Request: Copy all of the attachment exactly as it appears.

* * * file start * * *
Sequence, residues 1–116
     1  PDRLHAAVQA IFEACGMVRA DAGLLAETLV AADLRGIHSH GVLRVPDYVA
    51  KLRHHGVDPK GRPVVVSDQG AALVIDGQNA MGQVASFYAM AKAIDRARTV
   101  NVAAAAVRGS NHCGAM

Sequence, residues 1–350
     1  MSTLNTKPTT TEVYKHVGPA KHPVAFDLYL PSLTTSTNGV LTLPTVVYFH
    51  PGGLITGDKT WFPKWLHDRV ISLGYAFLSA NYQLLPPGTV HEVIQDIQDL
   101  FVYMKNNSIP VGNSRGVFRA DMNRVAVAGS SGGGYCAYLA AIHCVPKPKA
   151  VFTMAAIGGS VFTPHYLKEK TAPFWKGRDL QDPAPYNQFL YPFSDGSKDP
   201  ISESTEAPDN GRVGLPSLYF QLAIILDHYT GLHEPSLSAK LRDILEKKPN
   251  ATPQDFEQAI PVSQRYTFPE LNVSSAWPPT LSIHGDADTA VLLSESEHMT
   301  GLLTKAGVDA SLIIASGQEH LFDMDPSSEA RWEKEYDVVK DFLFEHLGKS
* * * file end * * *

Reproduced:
Sequence, residues 1–116
     1  PDRLHAAVQA IFEACGMVRA DAGLLAETLV AADLRGIHSH GVLRVPDYVA
    51  KLRHHGVDPK GRPVVVSDQG AALVIDGQNA MGQVASFYAM AKAIDRARTV
   101  NVAAAAVRGS NHCGAM

Sequence, residues 1–350
     1  MSTLNTKPTT TEVYKHVGPA KHPVAFDLYL PSLTTSTNGV LTLPTVVYFH
    51  PGGLITGDKT WFPKWLHDRV ISLGYAFLSA NYQLLPPGTV HEVIQDIQDL
   101  FVYMKNNSIP VGNSRGVFRA DMNRVAVAGS SGGGYCAYLA AIHCVPKPKA
   151  VFTMAAIGGS VFTPHYLKEK TAPFWKGRDL QDPAPYNQFL YPFSDGSKDP
   201  ISESTEAPDN GRVGLPSLYF QLAIILDHYT GLHEPSLSAK LRDILEKKPN
   251  ATPQDFEQAI PVSQRYTFPE LNVSSAWPPT LSIHGDADTA VLLSESEHMT
   301  GLLTKAGVDA SLIIASGQEH LFDMDPSSEA RWEKEYDVVK DFLFEHLGKS